This week’s Postcard from the Camino is a quiet and subdued stage of the pilgrimage, at a point in southwestern France that you would not want to visit. If there is one section of the Way of Saint James that I would never wish to walk again, four days in my life I would not want to repeat; if there is one physical and mental challenge that I could happily have never experienced, the Landes is it. The Landes is the vast featureless flatlands south of Bordeaux on the way to the Pyrenees. If you were going to make a reality TV program called “Extreme Catholic Pilgrimage” this would be your best location.
The morning began with my blood sugar level at zero after no supper and no breakfast, sleeping in a ditch, packing up a wet tent in the morning rain, and fighting mosquitoes by the side of a stream flowing with muddy undrinkable flood water. I was wearing the wet clothes that I had slept in from the day before. I tried singing but gave up after one verse. I just wanted a coffee and croissant, or anything else.
I climbed up a muddy embankment by a bridge, onto the tarmac road, and headed into the Landes. After a shin-cracking march through miles of wet forest, I made it to the town hall in Moustey at 11:55 a.m., knowing they’d close at midday. This was the famous village with the 1000-kilometer stamp. A thousand kilometers to Compostela, and a special stamp to go in my pilgrim passport.
Dripping wet, I stood in front of a lady in a beige cardigan in the entrance to the town hall. I explained that I had come for the special 1000km stamp in my pilgrim passport. She looked completely blank. There was no such stamp. She could stamp it with the town hall stamp if I liked. She opened a drawer. I closed my pilgrim passport and shook my head.
“I didn’t spend the night soaking wet and attacked by mosquitoes just for any old town hall stamp,” I said.
“Je suis desolee monsieur,” she said. “Ne’st pas derange.”
It didn’t help that she was telling me not to be deranged. I sighed. At least I had the photo to show I was at the 1000km stone, even if there was no special pilgrim stamp. And then, as I made my way out, dripping over the town hall tiles, she suddenly said, “Maybe the grocery shop will have a stamp. It is opposite the church.”
I made my way to the grocery store and explained about the 1000-kilometer stamp that I had been told to expect here. Yes, that stamp had been issued by this very shop until just a year ago. But they had lost it! They had a new stamp. She put it in my pilgrim passport but it did not have the “1000 km” in the middle.
“You could just write that in the middle,” she said, helpfully. She had a red pen. I wrote it in the middle of the stamp. This was the most depressing morning of my entire life.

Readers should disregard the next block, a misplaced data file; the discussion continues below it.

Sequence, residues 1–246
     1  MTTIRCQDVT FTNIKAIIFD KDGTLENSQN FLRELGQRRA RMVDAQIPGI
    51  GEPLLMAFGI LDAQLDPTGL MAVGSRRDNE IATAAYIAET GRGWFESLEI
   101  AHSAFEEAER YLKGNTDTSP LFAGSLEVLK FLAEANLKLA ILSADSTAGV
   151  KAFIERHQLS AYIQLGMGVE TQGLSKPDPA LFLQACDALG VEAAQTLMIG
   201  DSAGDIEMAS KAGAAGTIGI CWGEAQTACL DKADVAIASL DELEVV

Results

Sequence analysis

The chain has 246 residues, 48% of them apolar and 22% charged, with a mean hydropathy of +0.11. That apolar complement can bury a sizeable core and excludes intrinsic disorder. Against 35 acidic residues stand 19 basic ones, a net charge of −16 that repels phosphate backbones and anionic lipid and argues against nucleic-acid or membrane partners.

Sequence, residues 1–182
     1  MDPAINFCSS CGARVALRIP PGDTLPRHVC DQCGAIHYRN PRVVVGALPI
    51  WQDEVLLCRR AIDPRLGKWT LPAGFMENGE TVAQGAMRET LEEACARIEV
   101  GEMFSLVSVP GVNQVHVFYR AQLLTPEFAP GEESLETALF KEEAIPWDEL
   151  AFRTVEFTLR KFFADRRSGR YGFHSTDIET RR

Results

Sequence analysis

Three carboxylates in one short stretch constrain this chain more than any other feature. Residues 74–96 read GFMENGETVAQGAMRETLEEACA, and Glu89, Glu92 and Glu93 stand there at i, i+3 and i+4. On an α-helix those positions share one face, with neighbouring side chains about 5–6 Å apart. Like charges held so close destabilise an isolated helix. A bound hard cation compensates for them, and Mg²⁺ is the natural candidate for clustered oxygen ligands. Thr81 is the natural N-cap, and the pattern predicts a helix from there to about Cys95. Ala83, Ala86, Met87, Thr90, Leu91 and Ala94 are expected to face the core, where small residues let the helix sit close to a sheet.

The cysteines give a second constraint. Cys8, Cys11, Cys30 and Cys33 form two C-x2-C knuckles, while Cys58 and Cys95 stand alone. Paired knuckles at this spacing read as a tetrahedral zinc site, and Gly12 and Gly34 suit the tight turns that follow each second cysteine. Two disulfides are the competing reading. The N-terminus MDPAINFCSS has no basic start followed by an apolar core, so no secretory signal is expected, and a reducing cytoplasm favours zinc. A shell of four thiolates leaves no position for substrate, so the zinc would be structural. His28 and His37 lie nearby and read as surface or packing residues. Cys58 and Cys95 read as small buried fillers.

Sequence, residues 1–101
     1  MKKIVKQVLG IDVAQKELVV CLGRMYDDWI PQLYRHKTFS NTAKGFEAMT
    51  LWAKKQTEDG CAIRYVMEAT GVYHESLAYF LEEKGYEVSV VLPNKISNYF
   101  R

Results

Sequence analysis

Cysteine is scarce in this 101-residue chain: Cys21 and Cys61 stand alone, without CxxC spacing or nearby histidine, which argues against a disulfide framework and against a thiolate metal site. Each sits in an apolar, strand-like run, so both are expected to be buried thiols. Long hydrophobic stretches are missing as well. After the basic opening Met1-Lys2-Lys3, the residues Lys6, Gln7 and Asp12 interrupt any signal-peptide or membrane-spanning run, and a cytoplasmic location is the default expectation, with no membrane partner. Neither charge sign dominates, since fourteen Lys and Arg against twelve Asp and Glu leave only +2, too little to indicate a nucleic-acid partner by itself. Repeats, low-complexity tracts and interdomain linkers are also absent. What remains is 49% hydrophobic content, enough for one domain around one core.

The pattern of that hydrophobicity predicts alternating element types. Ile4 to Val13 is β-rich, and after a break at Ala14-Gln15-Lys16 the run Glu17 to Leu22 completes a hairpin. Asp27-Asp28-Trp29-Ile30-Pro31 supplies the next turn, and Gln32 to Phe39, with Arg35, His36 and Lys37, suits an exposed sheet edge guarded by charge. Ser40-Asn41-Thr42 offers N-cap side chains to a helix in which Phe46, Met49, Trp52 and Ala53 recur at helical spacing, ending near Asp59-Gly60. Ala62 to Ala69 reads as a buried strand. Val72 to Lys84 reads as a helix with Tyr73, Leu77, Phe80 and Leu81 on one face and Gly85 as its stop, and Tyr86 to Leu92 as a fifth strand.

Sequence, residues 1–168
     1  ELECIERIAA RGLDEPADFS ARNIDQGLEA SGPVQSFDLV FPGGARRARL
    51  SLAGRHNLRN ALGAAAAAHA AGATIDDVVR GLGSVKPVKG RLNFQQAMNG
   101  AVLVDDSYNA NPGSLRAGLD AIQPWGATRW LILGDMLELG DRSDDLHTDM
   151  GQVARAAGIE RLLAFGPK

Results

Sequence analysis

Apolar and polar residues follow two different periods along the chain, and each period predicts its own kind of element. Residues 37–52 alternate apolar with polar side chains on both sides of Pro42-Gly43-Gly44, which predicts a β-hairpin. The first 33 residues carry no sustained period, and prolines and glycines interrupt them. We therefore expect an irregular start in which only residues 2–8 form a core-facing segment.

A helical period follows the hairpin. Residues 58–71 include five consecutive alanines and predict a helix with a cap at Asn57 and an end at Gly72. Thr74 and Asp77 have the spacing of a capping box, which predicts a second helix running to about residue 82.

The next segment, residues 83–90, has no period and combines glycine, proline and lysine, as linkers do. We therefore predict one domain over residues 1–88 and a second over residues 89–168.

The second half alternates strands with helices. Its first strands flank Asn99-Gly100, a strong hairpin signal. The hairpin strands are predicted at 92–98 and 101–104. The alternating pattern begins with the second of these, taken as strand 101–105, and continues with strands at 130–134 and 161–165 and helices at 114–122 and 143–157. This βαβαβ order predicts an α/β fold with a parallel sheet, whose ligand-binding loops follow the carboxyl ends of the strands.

“There’s a restaurant next door,” she said. “Show them your pilgrim passport and tell them you have walked from England.”
It was still raining. I looked across the road at the 1000-kilometer stone outside the church. The restaurant was immediately opposite on the corner of the entrance to the village. It was early for lunch but there would be nothing on the road for many more kilometers. I went in and took a window seat opposite the 1000-kilometer stone. I put my passport open on the table in front of me.
“Ah, you have the stamp,” said the waiter. “We always have pilgrims coming to see the 1000-kilometer stone.”
“I walked from Worcester, in the west of England,” I said. I showed him the Worcester cathedral stamp, the London stamp of the Cardinal Archbishop of Westminster. The Dieppe stamp of Saint-Jacques de Compostelle.
“We can offer a pilgrim menu for fifteen euros,” he said. “A good lamb stew for a day like this, with a half bottle of Bordeaux and a dessert or coffee.”
As he went to get the wine, I looked at the Moustey stamp with the “1000 km” written in red ballpoint pen, I said aloud, “Do the red, say the black.” (In the liturgical books of the Church, where there are instructions printed in red—making the sign of the cross, standing, kneeling—you do them, and whatever is printed in black is to be said aloud.) “Do the red! Do the 1000-kilometers. Say Moustey to Compostelle.”
I had a very good lunch. I resolved to do the last thousand kilometers of the pilgrimage as a prayer for unity in the Catholic Church and an offering of penance for my part in its divisions. After lunch, I walked on towards Labouheyre. Today was a wet, nothing sort of day. Wet nothing days are part of pilgrimage. Wet nothing days are part of everyday Catholic life. Wet nothing days are the kind of days experienced by many of the faithful every day of their lives. We trudge onward, in wet socks, as the rain continues, and we give thanks to God. That is pilgrimage.
Images: Header photo of the author in the Landes and all other photos the same day.
Note: Due to the loss of internet for much of the weekend, research for today’s intended episode of Postcards from the Camino was not possible. That episode will appear next week and will be about Santiago Matamoros: Saint James as a military figure in Spain’s Catholic iconography of the Camino.
Discuss this article!
Keep the conversation going in our SmartCatholics Group! You can also find us on Facebook and Twitter.
Gareth Thomas lives a solitary life in the mountains in Spain with his donkeys. A former aircraft engineer, Franciscan friar and geography teacher, he is a veteran of the pilgrim routes to Compostela and writes about the Camino de Santiago on his blog Equus Asinus (equusasinus.net).